Your mid-year financial check list
It’s almost the middle of June … do you know where your money is?
We are now officially (almost) halfway through 2013. Crazy, we know. About halfway through a new year is a good time to take a second to take stock of what’s happening with your finances. Are you on track to meet all of those money goals you set for yourself back when 2013 was fresh and exciting?
The following five benchmarks should give you a good idea of where you stand, financially, right now. Consider putting these on your check-in list today:
1. Have you started saving for the holidays?
Right now the holidays probably feel like a long ways away — but just think of how fast these first six months have flown. If you haven’t already, now would be a good time to start socking away a little extra cash each paycheck for those right-around-the-corner December expenses. Try pulling up your bills from last year and taking stock of how much you spent. Divide that number by six, and try to put that amount away each month into a savings account marked specifically for holiday spending. This is a great way to help avoid sticker shock when November rolls around and you have no cushion for all those gifts you have to buy.
2. Are you maximizing your Roth IRA?
First of all, if you have a Roth IRA at all, good for you! Now is a good time to see how much you’ve contributed to the retirement account this year, if at all, and figure out a plan to max it out by the end of the year. The limit for 2013 on these types of accounts if $5,500. If you haven’t started saving at all, divide up the rest of the year into monthly payments so you can get the most out of it.
3. Do you have 6-8 months of savings in an emergency account?
Experts disagree on exactly how much you should have in an emergency account (some say three months, some say six and others suggest up to a year). Of course the answer is — the more you have, the better. Starting out with six months is probably your best bet in the case of a job loss or some big emergency medical bill. Set a goal for how much you’d like to have by the end of the year, and set up an automatic money transfer from your checking to your emergency account right now for each month. If you don’t have to actually think about putting that money into savings, you’ll be less likely to spend it elsewhere instead.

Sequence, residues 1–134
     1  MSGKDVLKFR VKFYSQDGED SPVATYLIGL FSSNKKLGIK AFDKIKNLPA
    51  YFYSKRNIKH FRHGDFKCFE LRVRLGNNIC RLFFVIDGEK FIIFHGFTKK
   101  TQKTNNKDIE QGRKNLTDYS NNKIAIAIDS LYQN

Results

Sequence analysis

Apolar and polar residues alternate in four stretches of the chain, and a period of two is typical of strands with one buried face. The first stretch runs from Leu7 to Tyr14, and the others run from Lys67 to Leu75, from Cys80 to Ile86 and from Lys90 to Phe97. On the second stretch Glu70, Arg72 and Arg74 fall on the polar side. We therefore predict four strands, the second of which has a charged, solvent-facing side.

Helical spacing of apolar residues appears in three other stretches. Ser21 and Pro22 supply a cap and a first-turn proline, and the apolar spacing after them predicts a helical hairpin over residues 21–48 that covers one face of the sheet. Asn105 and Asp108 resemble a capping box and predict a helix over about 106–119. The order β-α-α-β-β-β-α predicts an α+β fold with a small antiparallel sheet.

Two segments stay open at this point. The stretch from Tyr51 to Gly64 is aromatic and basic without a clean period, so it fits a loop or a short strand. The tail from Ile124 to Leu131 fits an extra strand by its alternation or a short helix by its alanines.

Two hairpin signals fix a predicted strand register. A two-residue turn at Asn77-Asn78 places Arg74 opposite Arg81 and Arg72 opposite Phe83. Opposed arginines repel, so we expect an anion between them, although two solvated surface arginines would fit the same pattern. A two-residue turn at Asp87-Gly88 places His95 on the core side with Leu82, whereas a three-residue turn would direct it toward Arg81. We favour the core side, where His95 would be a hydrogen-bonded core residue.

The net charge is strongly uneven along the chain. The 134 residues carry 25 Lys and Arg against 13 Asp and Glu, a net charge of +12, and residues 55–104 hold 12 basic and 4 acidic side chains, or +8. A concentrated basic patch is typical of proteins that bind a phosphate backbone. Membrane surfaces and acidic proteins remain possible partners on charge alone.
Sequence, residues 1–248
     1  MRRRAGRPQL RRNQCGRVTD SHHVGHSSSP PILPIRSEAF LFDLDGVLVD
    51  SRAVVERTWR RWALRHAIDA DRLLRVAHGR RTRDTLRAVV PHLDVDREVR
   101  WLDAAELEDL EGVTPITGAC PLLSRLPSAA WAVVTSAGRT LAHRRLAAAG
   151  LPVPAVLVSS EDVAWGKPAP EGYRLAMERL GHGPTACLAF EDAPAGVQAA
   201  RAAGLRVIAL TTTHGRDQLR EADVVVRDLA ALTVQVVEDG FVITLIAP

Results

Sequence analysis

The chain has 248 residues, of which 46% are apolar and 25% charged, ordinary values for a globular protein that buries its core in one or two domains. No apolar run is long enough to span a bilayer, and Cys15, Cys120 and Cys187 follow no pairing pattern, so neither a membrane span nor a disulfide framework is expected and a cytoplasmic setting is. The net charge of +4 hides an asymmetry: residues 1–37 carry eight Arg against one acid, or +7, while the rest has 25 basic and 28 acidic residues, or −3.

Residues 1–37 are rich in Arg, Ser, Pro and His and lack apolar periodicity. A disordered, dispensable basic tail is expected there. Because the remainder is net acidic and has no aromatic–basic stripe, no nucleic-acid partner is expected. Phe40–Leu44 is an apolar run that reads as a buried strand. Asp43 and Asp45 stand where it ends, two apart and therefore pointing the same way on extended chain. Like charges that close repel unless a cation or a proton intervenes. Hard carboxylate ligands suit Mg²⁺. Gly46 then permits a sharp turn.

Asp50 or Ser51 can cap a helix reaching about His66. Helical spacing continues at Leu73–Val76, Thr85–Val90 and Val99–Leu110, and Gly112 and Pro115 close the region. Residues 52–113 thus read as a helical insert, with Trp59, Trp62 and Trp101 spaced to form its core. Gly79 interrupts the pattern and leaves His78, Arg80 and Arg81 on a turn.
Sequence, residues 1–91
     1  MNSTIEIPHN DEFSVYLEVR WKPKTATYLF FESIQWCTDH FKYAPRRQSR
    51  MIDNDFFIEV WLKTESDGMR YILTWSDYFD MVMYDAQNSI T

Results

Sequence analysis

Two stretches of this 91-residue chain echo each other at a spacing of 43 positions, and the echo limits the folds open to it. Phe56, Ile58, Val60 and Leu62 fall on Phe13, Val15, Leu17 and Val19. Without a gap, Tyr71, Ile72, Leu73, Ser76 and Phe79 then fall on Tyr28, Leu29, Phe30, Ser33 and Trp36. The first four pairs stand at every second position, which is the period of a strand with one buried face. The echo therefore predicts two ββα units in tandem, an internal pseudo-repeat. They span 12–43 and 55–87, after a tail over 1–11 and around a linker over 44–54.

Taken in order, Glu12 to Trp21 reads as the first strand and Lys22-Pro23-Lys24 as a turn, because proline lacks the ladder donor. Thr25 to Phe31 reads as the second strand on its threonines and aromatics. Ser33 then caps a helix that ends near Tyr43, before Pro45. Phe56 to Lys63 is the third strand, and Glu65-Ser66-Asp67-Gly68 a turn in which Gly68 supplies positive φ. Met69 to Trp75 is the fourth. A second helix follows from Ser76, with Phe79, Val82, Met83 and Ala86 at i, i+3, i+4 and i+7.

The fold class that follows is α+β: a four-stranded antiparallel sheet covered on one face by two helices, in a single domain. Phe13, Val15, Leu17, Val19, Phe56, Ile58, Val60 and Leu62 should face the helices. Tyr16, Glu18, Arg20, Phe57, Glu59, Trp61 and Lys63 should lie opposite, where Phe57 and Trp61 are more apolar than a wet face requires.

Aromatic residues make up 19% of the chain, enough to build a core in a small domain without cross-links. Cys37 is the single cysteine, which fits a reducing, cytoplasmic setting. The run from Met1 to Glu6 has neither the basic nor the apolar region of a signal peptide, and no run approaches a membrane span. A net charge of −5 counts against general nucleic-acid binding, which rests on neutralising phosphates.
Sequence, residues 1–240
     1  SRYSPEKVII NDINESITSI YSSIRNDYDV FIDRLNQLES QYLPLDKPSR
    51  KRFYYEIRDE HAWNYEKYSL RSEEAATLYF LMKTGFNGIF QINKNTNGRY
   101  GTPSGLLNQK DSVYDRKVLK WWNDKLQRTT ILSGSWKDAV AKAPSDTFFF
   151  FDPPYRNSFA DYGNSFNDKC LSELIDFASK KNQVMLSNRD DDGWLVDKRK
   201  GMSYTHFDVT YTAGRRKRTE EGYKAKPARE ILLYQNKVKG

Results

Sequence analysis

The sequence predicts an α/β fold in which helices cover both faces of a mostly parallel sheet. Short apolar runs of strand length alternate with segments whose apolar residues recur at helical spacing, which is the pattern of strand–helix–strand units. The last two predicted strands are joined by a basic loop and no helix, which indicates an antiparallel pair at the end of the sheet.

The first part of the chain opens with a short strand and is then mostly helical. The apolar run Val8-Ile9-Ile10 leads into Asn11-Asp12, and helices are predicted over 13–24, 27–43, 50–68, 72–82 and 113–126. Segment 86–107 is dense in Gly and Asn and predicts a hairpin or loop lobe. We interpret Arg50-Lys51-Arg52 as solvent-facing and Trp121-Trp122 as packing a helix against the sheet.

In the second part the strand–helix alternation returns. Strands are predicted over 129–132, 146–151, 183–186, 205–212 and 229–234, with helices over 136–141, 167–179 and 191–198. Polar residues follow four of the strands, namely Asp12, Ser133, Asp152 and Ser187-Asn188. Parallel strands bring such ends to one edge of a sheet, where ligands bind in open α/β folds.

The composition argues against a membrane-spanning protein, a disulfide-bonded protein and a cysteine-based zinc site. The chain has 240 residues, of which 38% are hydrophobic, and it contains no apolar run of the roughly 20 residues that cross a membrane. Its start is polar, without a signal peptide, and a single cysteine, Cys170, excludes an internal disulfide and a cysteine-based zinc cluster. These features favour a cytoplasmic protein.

If, on the other hand, you do have a suitable amount in your emergency savings, divert the money you were putting into that account each month into your retirement account, instead. Hey, you were already saving the money, so you won’t miss it anyway, right?
4. Is your debt repayment on track?
Paying down your debt is one of the best things you can do for your finances, since the interest you’re paying on any debt you’re holding onto is lost money. If you haven’t already, use an online tool like Learnvest’s Money Center to help track your spending and link your accounts. This will enable you to figure out a debt repayment plan that you can afford each month. Trust us — seeing that debt go down will be one of the best things you can do for yourself this year.
5. Are you using all your memberships?
Now might also be a good time to check in on all those memberships you may have (optimistically) signed up for at the beginning of the year. For example — when was the last time you were at the gym? If you aren’t using that membership, maybe you could cut the cord there and instead try running outside. What about your cable? Have you found that you’ve been streaming videos more frequently, or maybe now that they weather’s nicer you’re never home anyway? If you can get rid of even one membership you are no longer using, you might be able to free up some cash to put towards other goals you want to keep throughout the year.
Just remember: Saving for retirement, paying down debt, building up an emergency cushion — these things are all marathons, not sprints. Don’t feel guilty if you’ve fallen behind in a few of your financial goals from the beginning of the year … that’s what the mid-year check is all about! There’s still plenty of time to get back on track and ring in the next New Year on stable financial ground.
Cheryl Lock is a personal finance writer at and former editor at LearnVest and Parents magazine. When she’s not writing, she enjoys travel, which she blogs about at wearywanderer.wordpress.com.